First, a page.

There seems to have been more news coverage going into court than coming out. Although the United States Proxy Exchange, which submitted an amicus curiae memorandum to protect shareowner rights, and Susman Godfrey L.L.P., who’s firm sued John Chevedden on behalf of Apache, both issued press releases, only Susman Godfrey’s seem to have been read by the mainstream press. (Susman Godfrey L.L.P. Wins First-of-Its-Kind Judgment for Apache Against Shareholder Activist, MSN Money, 3/12/10; Susman Godfrey L.L.P. Wins First-of-Its-Kind Judgment for Apache Against Shareholder Activist, Forbes, 3/12/10; Susman Godfrey L.L.P. Wins First-of-Its-Kind Judgment for Apache Against Shareholder Activist, BizJournals, 3/12/10) How many other law firms get so much publicity for winning a lawsuit for a giant firm against an individual who represents himself in court?
Notice a theme in the titles? It is no wonder that the mainstream press is losing out to niche industry news and blogs. The main point of the articles seems to be, “this is the very first time that a company has sought to exclude a purported shareholder proposal by taking the proponent directly to court, without first seeking a no-action letter from the SEC staff.” Implied: we can go after your shareowners too. Of course, the content slant is wholly in favor of Apache and the law firm.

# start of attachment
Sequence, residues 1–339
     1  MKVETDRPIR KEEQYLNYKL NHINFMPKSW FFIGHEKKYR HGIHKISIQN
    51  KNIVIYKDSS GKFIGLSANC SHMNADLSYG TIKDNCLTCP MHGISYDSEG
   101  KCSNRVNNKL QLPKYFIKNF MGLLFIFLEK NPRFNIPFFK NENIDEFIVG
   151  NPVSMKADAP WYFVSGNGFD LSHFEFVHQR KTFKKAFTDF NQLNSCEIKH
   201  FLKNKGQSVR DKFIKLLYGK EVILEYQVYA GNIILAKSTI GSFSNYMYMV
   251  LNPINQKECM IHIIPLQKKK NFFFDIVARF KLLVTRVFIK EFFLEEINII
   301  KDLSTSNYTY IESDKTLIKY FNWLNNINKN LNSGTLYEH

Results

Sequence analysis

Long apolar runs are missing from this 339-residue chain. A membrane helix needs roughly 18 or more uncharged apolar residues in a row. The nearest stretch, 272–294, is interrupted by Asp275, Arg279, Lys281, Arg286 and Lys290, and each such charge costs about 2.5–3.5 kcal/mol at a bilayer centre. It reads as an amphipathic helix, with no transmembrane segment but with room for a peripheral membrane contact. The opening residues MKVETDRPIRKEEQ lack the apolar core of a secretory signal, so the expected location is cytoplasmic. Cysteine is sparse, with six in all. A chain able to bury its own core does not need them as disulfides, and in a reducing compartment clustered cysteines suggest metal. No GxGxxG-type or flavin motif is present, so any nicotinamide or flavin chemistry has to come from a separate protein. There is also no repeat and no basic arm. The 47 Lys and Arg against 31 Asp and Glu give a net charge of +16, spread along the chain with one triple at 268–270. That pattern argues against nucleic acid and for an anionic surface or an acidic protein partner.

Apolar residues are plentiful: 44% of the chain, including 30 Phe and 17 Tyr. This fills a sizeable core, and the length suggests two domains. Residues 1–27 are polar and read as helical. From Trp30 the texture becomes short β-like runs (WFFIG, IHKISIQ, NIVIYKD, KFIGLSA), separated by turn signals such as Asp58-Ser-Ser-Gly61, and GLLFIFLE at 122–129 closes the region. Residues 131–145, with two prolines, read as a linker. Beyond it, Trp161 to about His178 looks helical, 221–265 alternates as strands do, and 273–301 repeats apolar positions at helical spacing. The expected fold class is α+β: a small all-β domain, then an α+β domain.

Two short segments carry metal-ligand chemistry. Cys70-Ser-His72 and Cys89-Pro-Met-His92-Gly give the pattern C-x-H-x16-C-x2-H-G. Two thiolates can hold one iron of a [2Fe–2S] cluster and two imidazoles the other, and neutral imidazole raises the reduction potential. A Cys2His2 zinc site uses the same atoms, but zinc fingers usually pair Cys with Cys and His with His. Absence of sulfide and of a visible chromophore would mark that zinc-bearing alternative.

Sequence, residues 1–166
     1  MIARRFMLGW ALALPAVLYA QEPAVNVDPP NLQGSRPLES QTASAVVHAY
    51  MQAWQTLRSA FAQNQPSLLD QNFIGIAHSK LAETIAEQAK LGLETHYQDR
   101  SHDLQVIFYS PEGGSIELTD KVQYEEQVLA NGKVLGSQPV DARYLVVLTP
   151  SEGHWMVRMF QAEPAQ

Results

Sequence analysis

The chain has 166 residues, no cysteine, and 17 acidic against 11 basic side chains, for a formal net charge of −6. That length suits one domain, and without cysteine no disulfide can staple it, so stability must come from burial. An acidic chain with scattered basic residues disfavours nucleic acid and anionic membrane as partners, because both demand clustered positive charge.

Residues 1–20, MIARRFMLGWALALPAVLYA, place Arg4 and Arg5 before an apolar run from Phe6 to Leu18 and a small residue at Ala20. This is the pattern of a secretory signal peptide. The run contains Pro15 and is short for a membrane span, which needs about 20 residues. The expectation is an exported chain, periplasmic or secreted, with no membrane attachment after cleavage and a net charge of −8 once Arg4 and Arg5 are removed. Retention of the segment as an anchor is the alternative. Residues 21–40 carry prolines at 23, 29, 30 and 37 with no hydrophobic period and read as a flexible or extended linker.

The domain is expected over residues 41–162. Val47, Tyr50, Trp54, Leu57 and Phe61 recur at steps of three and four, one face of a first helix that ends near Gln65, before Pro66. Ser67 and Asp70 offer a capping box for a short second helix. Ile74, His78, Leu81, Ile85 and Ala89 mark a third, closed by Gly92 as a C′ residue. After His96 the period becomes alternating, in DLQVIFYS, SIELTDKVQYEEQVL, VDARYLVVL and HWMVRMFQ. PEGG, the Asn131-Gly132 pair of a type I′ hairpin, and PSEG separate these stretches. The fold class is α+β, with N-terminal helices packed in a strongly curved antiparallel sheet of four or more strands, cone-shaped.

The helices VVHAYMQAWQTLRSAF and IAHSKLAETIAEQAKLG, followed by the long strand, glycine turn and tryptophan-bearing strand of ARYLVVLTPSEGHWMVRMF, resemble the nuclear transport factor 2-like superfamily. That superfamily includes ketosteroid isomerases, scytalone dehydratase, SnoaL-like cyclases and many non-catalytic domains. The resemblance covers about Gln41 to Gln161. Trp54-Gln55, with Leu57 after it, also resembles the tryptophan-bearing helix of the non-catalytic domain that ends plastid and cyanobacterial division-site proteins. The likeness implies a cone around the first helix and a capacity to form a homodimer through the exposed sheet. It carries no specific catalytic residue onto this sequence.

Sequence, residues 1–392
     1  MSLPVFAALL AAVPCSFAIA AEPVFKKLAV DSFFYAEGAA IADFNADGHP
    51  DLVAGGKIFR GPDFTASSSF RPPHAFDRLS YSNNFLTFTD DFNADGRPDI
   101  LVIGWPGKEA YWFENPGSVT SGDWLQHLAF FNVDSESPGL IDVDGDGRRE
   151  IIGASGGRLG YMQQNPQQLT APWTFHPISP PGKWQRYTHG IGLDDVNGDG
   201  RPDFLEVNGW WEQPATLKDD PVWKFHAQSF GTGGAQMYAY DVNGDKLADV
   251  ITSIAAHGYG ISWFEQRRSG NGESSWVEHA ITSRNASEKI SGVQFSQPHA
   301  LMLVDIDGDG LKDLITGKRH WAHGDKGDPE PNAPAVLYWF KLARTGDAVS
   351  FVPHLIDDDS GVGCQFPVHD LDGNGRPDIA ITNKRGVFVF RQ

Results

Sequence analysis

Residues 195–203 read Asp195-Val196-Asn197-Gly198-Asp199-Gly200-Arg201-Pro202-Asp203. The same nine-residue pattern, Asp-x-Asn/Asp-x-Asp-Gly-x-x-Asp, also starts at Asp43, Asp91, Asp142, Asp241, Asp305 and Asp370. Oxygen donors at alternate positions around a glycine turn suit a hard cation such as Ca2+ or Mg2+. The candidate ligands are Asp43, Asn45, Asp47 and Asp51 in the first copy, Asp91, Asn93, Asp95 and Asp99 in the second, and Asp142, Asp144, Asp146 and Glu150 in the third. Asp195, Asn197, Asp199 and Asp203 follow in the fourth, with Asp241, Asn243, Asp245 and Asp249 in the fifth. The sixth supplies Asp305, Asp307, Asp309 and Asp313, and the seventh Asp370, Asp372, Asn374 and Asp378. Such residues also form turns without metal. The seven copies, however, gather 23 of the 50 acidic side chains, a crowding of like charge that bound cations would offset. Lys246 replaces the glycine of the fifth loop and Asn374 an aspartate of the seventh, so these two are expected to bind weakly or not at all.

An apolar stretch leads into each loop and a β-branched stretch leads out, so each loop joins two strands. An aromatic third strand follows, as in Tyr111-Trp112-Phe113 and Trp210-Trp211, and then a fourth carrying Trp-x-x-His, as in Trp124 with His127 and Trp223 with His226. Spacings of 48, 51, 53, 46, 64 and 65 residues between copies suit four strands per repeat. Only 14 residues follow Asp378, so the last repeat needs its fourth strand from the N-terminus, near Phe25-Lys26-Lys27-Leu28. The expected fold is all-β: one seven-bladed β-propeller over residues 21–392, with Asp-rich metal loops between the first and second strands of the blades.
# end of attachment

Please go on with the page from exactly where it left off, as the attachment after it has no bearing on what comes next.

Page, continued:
Apache described Chevedden as “the single most persistent proponent or proxy of purported shareholder proposals in history,” whose proposals “have been the subject of a whopping 953 SEC staff no-action letters.” That figure, which may be high according to Chevedden, fails to account the grounds of the no-action requests, many of which are filed on the grounds that the companies have taken action in response to these proposals. Additionally, many no-action letters are issued allowing a cure, if certain actions are taken within a short time.
I’m not sure where the Motley Fool stands in respect to mainstream but their coverage was much more balanced. They note Apache’s previous attempts to shut down proxy proposals altogether. “That hasn’t happened, so Apache is taking a different tactic to shut down this perceived nuisance. Sticking shareholder activists like Chevedden with large legal bills, after outmaneuvering them on some technicalities in court, could derail this movement in a hurry.” (A Major Skirmish Over Shareholder Rights, 3/12/10)
On Wednesday, a judge ruled narrowly in favor of Apache, finding that Chevedden’s submission of a letter from his broker did not meet the requirements of proof of stock ownership. The judge did not award attorney’s fees to Apache, so Chevedden lives to fight another day. For us little guys, I believe that’s a very good thing.